Chemical pesticides simply don't work well on bed bugs; even strong bed bug sprays sometimes only accomplish a "knock down," temporarily immobilizing these parasites. Studies have shown that most bed bug pesticides are largely ineffective. Bed bugs had evolved strong resistance to DDT before it was banned in the 1970s! |
Now bed bugs are immune to DDT and other similar bed bug pesticides that provide bed bug control. Many industry and over the counter chemical bed bug sprays are ineffective as they are pyrethroids that act on the nerve endings similar to DDT.
Even when pesticides are effective, their use is not ideal for eliminating bed bugs. Many pesticide-based bed bug solutions require direct contact to kill these critters. If that's the case, then why use a pesticide at all?
Insects that are hit by aerosol sprays or fogging may simply scatter or hide, making the problem worse. Some compounds like alcohol-based bed bug treatments, do kill bed bugs, but do not work on the eggs, so it's only a matter of time before the next bed bug infestation begins!
Chemical methods are not the only way to control bed bug infestations. In fact some non-chemical measures are among the most effective in reducing bed bug populations. Vacuums play a major role in bed bug management efforts. Vacuums are used to physically remove as many bed bugs from the mattress, box spring, bed frame, head board, furniture etc. While vacuums are extremely effective, care must be taken to dispose of the contents of the vacuum immediately after use. Bed bugs can live quite happily inside even the dirtiest of vacuums. Vacuum bags should be placed into trash bags, tied shut, and disposed of outside of the home. Bagless vacuums should have the contents of the canister disposed of and the canister washed. Steam is another very effective tool in bed bug management and can be implemented very effectively in a variety of situations to include mattresses and box springs.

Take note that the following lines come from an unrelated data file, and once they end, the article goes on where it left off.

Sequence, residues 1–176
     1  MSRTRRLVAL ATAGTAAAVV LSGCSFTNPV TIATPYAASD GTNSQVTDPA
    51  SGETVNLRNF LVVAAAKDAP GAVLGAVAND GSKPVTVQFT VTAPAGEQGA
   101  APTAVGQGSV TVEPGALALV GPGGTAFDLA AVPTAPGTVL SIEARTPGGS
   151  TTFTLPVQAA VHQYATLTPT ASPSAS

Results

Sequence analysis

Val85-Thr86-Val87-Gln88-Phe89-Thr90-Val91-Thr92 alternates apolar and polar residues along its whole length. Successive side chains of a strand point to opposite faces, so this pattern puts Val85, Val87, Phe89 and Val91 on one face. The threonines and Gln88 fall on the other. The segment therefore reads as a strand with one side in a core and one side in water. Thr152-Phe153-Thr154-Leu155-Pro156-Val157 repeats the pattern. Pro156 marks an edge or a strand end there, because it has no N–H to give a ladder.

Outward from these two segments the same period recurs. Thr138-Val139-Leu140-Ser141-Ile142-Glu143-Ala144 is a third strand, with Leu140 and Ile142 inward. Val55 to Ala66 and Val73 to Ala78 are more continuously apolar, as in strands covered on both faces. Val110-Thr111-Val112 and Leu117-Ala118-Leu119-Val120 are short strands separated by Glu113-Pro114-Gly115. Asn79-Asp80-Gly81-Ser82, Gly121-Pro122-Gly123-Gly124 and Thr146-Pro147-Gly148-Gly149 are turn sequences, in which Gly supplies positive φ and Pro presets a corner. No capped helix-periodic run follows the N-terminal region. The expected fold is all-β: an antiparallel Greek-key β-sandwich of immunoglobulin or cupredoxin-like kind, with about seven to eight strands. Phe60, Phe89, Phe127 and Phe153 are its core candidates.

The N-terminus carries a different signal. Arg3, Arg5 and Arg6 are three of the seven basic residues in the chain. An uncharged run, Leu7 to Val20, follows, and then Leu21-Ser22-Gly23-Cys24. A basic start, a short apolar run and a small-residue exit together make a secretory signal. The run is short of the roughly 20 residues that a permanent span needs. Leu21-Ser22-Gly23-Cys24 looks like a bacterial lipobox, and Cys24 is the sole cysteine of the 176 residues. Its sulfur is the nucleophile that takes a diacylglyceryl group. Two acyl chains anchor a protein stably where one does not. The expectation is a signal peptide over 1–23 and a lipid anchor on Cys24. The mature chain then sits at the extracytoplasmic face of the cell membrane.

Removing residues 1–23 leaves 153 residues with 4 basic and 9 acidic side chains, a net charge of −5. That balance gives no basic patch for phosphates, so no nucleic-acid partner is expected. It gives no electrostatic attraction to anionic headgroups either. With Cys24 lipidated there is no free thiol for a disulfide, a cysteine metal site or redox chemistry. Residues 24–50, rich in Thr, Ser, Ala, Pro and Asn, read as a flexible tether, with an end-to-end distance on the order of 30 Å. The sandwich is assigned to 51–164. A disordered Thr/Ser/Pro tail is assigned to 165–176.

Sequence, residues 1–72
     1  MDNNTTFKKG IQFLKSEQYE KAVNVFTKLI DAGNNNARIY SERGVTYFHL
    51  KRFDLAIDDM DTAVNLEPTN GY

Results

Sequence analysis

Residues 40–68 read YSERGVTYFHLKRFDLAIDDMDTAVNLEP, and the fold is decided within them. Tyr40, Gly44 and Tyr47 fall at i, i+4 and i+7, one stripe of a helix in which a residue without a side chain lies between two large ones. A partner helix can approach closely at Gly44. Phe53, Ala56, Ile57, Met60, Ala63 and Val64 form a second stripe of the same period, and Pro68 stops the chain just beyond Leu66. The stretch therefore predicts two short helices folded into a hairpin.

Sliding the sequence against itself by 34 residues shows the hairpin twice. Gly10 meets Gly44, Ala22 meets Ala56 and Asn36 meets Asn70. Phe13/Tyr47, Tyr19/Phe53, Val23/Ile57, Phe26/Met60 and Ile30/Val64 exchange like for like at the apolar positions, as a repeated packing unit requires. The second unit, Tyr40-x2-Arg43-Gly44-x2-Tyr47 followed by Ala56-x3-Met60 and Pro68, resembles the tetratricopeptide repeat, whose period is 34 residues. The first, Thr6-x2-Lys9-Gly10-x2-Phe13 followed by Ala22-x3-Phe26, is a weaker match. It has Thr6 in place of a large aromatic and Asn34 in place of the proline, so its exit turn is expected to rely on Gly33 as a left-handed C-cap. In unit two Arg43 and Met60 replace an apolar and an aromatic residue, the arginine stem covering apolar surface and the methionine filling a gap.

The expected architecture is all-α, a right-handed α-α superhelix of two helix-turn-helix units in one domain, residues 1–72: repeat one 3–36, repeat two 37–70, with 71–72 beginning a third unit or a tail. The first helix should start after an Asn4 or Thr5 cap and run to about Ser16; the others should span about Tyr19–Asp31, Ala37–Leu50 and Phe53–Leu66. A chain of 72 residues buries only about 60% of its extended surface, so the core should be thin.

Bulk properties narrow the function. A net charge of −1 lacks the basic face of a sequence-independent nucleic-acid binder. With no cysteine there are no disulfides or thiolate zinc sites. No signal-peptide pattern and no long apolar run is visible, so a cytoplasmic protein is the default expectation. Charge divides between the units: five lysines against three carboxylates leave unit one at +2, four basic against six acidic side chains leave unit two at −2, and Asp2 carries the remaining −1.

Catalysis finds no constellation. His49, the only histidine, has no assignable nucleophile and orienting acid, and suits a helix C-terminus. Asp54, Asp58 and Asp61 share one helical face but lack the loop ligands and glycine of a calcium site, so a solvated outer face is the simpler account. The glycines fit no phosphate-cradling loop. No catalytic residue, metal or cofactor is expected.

High quality mattress and box spring encasements are also very effective and serve two purposes: a properly fitting encasement can be very effective at sealing in any bugs that may have escaped all of the other management efforts as well as protecting the mattress and box spring from becoming re-infested. Bugs trapped inside the encasement will eventually die from starvation and bugs on the outside of the encasement can easily be removed with mechanical methods such as vacuums. It is critical to use high quality encasements that have been specifically designed and tested for use against bed bugs. When purchasing mattress encasements, it is important that the encasements are both bed bug "bite proof" and "escape proof". It is important that encasements are installed correctly so that they are sealed completely, preventing the escape or entry of bugs. If the encasements become ripped or torn they must be replaced. Once installed, the encasements should not be opened or removed in order to insure that any bugs inside do not escape and are eventually starved. Remember, bed bugs can easily survive several months or more without food and in some cases have been observed surviving over a year without a blood meal.
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